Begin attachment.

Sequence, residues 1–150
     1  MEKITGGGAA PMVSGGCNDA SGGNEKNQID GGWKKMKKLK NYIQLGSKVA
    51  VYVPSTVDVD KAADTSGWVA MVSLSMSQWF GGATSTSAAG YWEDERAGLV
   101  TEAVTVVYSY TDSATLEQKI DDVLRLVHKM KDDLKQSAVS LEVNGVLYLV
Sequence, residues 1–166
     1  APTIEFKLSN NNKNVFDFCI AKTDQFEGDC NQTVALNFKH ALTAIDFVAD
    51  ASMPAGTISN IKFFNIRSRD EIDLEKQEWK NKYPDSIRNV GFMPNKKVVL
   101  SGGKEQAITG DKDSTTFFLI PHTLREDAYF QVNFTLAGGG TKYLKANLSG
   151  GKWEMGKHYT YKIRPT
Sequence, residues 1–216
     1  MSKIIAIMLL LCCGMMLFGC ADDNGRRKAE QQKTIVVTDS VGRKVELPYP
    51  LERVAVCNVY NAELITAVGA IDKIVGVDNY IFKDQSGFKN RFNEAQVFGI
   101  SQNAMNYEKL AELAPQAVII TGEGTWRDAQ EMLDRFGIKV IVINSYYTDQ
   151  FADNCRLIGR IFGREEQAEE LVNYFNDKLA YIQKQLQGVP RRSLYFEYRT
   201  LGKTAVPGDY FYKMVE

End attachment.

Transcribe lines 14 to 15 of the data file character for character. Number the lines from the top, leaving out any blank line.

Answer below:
   151  FADNCRLIGR IFGREEQAEE LVNYFNDKLA YIQKQLQGVP RRSLYFEYRT
   201  LGKTAVPGDY FYKMVE